Book that changed your life:
It by Stephen King. I remember reading that book after school, and the dedication of Collision Theory is based on that memory. The dedication:
To my mother,
who loved when I was at home reading
because it meant I was near her,
which meant I was safe.
I'd come home, lay on the couch and read. And I know it made my mother happy to have me home. My brothers and sisters were hellions, but there I was, home and safe, reading.
Favorite line from a book:
This felt like an impossible question, but there's one thing that I cannot get away from, that makes me lose it every time, from Cormac McCarthy's All the Pretty Horses. It's more than one line, but it's too beautiful to break up:
"The water was black and warm and he turned in the lake and spread his arms in the water and the water was so dark and so silky and he watched across the still black surface to where she stood on the shore with the horse and he watched where she stepped from her pooled clothing so pale, so pale, like a chrysalis emerging, and walked into the water. She paused midway to look back. Standing there trembling in the water and not from the cold for there was none. Do not speak to her. Do not call. When she reached him he held out his hand and she took it. She was so pale in the lake she seemed to be burning. Like foxfire in a darkened wood. That burned cold. Like the moon that burned cold. Her black hair floating on the water about her, falling and floating on the water. She put her other arm about his shoulder and looked toward the moon in the west do not speak to her do not call and then she turned her face up to him. Sweeter for the larceny of time and flesh, sweeter for the betrayal. Nesting cranes that stood singlefooted among the cane on the south shore had pulled their slender beaks from their wingpits to watch. Me quieres? she said. Yes, he said. He said her name. God yes, he said."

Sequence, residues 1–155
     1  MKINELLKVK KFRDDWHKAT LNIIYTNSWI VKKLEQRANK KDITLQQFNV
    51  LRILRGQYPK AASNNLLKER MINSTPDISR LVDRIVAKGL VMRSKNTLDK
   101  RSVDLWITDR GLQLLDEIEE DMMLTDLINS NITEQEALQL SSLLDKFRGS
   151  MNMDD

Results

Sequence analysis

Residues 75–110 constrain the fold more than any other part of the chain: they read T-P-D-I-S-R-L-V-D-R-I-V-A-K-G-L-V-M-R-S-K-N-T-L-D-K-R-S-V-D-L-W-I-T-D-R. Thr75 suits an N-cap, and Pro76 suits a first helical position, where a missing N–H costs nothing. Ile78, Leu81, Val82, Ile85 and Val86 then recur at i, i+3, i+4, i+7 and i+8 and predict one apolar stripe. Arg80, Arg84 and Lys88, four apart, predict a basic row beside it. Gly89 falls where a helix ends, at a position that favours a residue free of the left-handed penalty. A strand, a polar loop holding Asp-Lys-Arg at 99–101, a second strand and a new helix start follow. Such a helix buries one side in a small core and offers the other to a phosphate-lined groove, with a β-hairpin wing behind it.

Five books you'll never part with:
Housekeeping by Marilynne Robinson
Bright Lights, Big City by Jay McInerney
Pastoralia by George Saunders
The Road by Cormac McCarthy
The Handmaid's Tale by Margaret Atwood
Book you most want to read again for the first time:
This one's a total wrestling match between The Road by Cormac McCarthy, Marilynne Robinson's Housekeeping and George Saunders's Pastoralia and Saunders' CivilWarLand in Bad Decline. The Road because I remember thinking it's not getting better for these people, it's not getting better. It will, it will. It never does, and in the end, when there is the faintest light of hope after such a horrifically dark time, it felt like everything good in the world. That still amazes me. As for Housekeeping, I remember finishing that and being astonished by how much it moved me, and wowed by the fact that there's not one male character in the book. I never noticed. To me, it's the best book I've ever read. It's perfect. And reading anything by Saunders for the first time--just the thought of that fills me with a sensation of profound glee. And now thinking of that glee, I'm reminded of how devastating and sad his stories are. "Sea Oak!" "Jon!" "CommComm!" To read those again for the first time would be marvelous.